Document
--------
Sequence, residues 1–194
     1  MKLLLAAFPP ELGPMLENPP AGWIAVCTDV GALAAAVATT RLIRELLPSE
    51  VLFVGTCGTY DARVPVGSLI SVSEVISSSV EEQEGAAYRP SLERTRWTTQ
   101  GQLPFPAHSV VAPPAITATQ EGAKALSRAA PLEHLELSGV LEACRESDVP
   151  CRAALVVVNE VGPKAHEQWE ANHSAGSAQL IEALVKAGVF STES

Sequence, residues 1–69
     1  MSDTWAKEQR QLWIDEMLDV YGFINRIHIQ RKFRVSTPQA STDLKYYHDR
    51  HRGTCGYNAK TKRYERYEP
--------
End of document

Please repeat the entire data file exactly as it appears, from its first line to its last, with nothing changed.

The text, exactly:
Sequence, residues 1–194
     1  MKLLLAAFPP ELGPMLENPP AGWIAVCTDV GALAAAVATT RLIRELLPSE
    51  VLFVGTCGTY DARVPVGSLI SVSEVISSSV EEQEGAAYRP SLERTRWTTQ
   101  GQLPFPAHSV VAPPAITATQ EGAKALSRAA PLEHLELSGV LEACRESDVP
   151  CRAALVVVNE VGPKAHEQWE ANHSAGSAQL IEALVKAGVF STES

Sequence, residues 1–69
     1  MSDTWAKEQR QLWIDEMLDV YGFINRIHIQ RKFRVSTPQA STDLKYYHDR
    51  HRGTCGYNAK TKRYERYEP